Oil extended gains after closing at the highest level since August on signs Covid-19 vaccines could be rolled out within weeks and as the start of the U.S. presidential transition process aided markets in general.
Futures in New York rose around 1% after settling above $43 a barrel on Monday.
A vaccine developed by the University of Oxford and AstraZeneca Plc that prevented a majority of people from getting the disease could be deployed as soon as next month.
That follows successful trials of two other anti-virus drugs.
The triggering of a formal transition process to U.S. President-elect Joe Biden buoyed Asian stock markets and pushed down the dollar.
Vaccine optimism has oil heading for its best month since May, with investors looking past a worsening second wave that’s spurring more lockdown measures.
Covid-19 is forecast to claim another 30,000 American lives by mid-December, Japan is moving toward boosting restrictions to contain the virus and Hong Kong is set to close bars and nightclubs, according to local media.
The prospect of imminent drug rollouts is reshaping the oil futures curve.
Global benchmark Brent’s prompt timespread flipped into backwardation — a bullish structure where prompt contracts are more expensive than later-dated ones — on Monday for the first time since June.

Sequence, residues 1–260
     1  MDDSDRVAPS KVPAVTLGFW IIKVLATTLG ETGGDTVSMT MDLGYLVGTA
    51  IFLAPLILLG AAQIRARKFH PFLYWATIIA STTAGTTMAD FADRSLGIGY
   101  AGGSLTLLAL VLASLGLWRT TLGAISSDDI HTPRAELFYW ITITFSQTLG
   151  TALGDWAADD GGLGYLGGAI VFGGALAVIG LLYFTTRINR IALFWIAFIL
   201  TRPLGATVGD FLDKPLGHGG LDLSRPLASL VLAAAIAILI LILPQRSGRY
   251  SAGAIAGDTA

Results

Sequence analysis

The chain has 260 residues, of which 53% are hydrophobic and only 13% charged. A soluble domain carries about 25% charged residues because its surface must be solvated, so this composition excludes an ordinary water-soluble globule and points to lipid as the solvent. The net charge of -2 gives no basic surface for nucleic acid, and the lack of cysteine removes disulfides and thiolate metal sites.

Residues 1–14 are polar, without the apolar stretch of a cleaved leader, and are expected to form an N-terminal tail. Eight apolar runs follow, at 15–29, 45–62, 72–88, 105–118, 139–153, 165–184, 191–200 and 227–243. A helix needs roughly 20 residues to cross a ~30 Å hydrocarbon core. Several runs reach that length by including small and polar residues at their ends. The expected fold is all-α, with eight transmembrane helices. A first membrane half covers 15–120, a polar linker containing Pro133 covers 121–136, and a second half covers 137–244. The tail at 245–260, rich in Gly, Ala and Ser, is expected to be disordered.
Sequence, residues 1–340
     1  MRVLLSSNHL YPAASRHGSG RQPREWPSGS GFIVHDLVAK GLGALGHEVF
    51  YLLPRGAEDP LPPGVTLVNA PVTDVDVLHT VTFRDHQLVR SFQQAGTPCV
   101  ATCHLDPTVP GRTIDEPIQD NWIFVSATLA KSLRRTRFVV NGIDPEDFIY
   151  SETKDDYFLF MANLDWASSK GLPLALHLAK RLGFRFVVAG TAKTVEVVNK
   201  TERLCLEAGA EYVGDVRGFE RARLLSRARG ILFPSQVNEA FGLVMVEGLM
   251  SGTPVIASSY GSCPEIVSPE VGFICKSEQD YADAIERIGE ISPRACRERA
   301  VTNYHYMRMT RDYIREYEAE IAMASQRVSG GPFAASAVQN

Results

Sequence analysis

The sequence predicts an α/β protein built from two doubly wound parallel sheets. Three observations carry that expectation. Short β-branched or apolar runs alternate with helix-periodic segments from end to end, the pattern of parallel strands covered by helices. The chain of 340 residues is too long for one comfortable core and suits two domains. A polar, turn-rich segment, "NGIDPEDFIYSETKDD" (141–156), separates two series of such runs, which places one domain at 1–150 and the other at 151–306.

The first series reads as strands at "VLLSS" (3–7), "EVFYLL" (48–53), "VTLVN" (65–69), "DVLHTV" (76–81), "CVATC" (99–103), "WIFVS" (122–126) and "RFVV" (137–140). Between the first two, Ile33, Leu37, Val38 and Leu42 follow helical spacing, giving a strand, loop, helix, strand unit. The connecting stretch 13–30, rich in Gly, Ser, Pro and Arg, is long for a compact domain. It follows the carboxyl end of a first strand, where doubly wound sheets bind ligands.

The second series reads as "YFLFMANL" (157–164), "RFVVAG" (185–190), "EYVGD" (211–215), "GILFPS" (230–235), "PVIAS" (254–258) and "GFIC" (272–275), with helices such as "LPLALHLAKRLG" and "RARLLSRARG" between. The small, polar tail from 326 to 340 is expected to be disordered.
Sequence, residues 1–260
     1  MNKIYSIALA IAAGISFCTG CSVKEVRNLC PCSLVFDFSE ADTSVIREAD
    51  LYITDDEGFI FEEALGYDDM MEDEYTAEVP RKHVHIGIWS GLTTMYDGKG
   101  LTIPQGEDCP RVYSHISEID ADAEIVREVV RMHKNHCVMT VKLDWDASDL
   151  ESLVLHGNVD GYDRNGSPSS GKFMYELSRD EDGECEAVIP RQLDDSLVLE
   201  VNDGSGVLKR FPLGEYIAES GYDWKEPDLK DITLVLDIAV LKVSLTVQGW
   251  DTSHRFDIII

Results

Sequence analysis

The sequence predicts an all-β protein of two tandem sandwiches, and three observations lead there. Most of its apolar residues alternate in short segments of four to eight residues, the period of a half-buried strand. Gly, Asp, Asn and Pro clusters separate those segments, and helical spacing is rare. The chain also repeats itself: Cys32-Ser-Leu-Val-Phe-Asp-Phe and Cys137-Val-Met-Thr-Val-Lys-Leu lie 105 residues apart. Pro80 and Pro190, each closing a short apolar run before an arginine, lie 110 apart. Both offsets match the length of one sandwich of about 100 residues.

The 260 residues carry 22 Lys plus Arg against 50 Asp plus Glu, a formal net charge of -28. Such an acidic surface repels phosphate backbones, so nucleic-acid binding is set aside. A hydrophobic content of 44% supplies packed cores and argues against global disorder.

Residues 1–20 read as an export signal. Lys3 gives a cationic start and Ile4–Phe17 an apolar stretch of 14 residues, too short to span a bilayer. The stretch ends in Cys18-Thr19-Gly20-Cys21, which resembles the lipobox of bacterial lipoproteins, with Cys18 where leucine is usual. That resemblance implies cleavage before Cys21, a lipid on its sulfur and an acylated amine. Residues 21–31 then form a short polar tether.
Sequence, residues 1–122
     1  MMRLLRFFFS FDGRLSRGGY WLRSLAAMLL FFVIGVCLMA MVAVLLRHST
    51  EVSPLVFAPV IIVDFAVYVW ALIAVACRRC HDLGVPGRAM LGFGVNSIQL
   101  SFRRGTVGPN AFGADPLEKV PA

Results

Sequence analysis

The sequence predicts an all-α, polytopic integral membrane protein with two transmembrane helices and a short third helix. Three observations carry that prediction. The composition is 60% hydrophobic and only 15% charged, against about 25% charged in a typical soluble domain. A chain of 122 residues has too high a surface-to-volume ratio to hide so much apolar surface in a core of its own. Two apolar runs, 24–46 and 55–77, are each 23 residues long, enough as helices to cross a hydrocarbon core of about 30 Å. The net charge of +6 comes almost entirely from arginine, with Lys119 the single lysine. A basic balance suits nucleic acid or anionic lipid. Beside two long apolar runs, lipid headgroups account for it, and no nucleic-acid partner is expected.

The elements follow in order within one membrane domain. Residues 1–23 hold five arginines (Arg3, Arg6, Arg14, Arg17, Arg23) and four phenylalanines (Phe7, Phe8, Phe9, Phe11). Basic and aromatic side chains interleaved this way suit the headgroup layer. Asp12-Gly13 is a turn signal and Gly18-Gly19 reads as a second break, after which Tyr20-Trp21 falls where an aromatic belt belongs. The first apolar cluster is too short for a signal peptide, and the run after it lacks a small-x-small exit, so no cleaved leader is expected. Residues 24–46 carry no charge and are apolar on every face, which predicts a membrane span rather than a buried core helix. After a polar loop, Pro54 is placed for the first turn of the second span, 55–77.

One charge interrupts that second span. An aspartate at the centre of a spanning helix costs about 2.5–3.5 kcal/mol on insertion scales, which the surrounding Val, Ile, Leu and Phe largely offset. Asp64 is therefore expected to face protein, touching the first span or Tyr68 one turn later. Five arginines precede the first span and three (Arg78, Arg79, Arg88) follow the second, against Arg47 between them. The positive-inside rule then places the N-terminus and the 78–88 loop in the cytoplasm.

A rebound in Chinese local flights is also aiding demand for jet fuel, the hardest-hit oil product.
“The AstraZeneca vaccine is really a big deal as most developed markets will be able to immunize their most at-risk population to Covid-19 by spring,” said Stephen Innes, chief market strategist at Axi.
“The continuing increase in infections in the U.S. and elsewhere has been the primary source of oil demand uncertainty.”
- West Texas Intermediate for January delivery rose 1.2% to $43.59 a barrel on the New York Mercantile Exchange as of 2:30 p.m. in Singapore
- Brent for January settlement added 1,2% to $46.59 on the ICE Futures Europe exchange after jumping 2.5% on Monday
- Crude futures climbed 3.4% to 277.1 yuan per barrel on the Shanghai International Energy Exchange after increasing 2.8% on Monday
The firming of the oil futures curve is a sign the market expects a rapid tightening of supplies ahead, RBC Capital Markets analysts wrote in a report.
However, the forward curve for West Texas Intermediate looks overvalued with inventories still brimming at the Cushing, Oklahoma storage hub, they said.
WTI’s discount to Brent widened to the most since May amid expectations for OPEC+ to extend current output cuts into next year. Some members of the group are showing signs of strain, however.
Iraq is seeking upfront payments of about $2 billion in exchange for a long-term crude-supply contract, the latest sign of Baghdad’s growing desperation for cash.
Saudi Arabia, meanwhile, confirmed that Houthi rebels in Yemen targeted an oil facility in northern Jeddah province, a reminder of the ever-present risk of instability in the region.
The attack on Monday caused a fire at an oil tank inside a fuel-distribution center, the kingdom’s energy ministry said.